When a man has mastered the ability to travel by sea, he began to wonder what is the depth clearance under the keel and how to measure the depth. Initially, only coastal shipping was practiced. Cargo ship sailing, fishery, underwater scientific research, recreational diving as well as resource exploration and operation of submarine cables and pipelines laying were developing dynamically in this part of the continental shelf. That is why accurate bathymetric information was of great importance to masters, scientists, fishermen, ship-owners and all seafarers.
Cartographic compilation of even a primitive nautical chart was a huge challenge. It was a painstaking process and required, first and foremost, a large amount of data, which was primarily obtained through not efficient measurements. As technology progresses, new techniques and methods of ocean exploration have developed. The technology, systems, devices and instruments of underwater exploration have gone through a long way of change, modernization and improvements, ultimately creating the potential for a bottom surface visualization as three-dimensional spatial models. A significant role has been played by multibeam echosounder which revolutionized the hydrographic surveys and proved to be efficient means of hydrographic and oceanographic surveys.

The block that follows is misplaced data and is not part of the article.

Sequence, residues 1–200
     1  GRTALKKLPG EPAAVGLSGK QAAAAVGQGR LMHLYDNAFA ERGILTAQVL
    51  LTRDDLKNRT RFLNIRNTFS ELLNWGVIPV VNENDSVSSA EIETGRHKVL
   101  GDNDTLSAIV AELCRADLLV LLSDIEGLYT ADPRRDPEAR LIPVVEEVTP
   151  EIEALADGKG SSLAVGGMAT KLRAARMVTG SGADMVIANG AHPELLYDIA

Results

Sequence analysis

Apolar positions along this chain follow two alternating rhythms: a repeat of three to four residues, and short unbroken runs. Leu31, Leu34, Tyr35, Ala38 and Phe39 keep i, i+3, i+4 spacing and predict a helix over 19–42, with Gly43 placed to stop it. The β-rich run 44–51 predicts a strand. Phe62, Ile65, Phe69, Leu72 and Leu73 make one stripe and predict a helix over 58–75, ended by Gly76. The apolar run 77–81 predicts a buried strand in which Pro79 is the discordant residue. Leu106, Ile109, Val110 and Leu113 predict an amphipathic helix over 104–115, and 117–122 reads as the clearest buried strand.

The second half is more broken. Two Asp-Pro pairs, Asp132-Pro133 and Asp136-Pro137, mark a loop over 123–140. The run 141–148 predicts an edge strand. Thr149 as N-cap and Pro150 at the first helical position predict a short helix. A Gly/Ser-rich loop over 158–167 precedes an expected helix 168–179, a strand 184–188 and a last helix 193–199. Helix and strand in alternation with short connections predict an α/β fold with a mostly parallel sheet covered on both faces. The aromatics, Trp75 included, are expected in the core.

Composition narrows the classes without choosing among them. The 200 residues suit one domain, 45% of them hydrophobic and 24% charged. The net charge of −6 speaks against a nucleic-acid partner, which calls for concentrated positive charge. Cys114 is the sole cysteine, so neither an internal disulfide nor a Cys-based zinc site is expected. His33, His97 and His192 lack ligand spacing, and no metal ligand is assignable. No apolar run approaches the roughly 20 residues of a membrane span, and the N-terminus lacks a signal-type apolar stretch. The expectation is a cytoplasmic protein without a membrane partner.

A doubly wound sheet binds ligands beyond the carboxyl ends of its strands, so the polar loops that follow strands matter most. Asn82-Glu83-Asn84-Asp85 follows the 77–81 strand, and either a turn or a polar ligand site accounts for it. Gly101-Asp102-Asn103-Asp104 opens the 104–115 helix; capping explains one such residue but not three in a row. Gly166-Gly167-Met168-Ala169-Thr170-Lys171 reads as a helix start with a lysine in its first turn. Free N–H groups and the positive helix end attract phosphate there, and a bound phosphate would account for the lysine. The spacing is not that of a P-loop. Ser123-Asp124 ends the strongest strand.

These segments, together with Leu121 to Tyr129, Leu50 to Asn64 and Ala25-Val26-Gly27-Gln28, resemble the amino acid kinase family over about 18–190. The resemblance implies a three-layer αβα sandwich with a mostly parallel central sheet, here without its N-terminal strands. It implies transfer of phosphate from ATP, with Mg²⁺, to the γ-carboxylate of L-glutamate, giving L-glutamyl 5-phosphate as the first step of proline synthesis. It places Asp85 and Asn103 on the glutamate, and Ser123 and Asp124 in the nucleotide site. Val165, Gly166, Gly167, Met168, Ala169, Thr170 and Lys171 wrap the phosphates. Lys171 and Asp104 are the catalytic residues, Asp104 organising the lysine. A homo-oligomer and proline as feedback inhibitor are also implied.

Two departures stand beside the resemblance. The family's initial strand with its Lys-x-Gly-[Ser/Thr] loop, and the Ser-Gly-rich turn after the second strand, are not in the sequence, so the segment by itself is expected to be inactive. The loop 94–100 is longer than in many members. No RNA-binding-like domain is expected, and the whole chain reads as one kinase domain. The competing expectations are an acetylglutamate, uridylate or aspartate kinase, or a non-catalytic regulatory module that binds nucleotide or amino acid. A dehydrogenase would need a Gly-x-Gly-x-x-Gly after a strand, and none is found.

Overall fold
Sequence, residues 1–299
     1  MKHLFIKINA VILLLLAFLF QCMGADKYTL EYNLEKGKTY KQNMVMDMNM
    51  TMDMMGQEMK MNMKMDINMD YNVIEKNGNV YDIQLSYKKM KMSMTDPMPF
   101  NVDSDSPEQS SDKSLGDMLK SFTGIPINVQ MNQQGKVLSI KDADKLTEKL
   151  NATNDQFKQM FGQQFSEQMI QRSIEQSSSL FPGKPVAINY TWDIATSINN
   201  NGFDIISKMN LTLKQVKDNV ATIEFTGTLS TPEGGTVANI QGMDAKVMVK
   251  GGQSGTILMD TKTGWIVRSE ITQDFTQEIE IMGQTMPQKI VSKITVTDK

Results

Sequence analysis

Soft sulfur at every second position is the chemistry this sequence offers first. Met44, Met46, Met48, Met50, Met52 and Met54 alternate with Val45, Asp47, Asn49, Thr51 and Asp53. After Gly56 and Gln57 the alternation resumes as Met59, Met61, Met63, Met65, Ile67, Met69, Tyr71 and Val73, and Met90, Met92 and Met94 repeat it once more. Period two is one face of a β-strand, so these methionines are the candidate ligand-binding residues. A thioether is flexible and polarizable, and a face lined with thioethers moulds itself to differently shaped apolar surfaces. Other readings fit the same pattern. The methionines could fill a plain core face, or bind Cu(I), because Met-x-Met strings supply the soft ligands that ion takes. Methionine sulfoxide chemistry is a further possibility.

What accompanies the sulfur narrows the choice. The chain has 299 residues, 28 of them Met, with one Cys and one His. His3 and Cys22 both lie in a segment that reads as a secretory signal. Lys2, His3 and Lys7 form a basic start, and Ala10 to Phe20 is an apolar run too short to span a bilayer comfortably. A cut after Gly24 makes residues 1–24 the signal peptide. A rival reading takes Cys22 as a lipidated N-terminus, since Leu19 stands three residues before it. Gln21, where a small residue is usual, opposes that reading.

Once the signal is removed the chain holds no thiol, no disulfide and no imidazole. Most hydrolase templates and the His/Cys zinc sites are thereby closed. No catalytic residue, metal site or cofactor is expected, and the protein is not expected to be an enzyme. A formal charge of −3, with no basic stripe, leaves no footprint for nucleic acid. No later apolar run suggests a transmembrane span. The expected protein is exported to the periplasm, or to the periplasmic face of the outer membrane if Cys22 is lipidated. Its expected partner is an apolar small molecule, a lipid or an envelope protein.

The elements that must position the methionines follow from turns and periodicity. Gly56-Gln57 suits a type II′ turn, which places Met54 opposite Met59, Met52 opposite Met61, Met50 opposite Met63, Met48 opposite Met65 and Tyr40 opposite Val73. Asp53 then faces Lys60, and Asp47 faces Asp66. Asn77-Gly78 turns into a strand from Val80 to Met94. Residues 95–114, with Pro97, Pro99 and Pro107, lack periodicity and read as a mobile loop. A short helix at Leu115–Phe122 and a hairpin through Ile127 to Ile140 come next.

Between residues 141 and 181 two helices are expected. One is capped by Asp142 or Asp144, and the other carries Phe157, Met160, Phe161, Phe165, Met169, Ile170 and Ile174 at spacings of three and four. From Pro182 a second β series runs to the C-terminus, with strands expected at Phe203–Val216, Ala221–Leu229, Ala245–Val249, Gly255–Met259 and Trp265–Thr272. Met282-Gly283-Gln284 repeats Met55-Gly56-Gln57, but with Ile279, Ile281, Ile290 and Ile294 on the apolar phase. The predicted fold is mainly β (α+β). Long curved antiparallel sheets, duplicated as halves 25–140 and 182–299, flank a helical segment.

Harper B., Sharman G., Leadline to multibeam, sextant to GPS & crow quill to computer: bathymetric data collection, compilation, archiving and distribution in the past century, Charting the Secret Floor of the Ocean Floor, The GEBCO Project 1903–2003, [online], http://www.gebco.net/about_us/presentations_and_publications/documents/cen_conf_abstract_harper_sharman.pdf [access 11.09.2016].
 Mayer L., Such a Big Ocean but our Footprints are so Small (Sonar Footprints), Forum for Future Ocean Floor Mapping, Monaco, June 29, 2016
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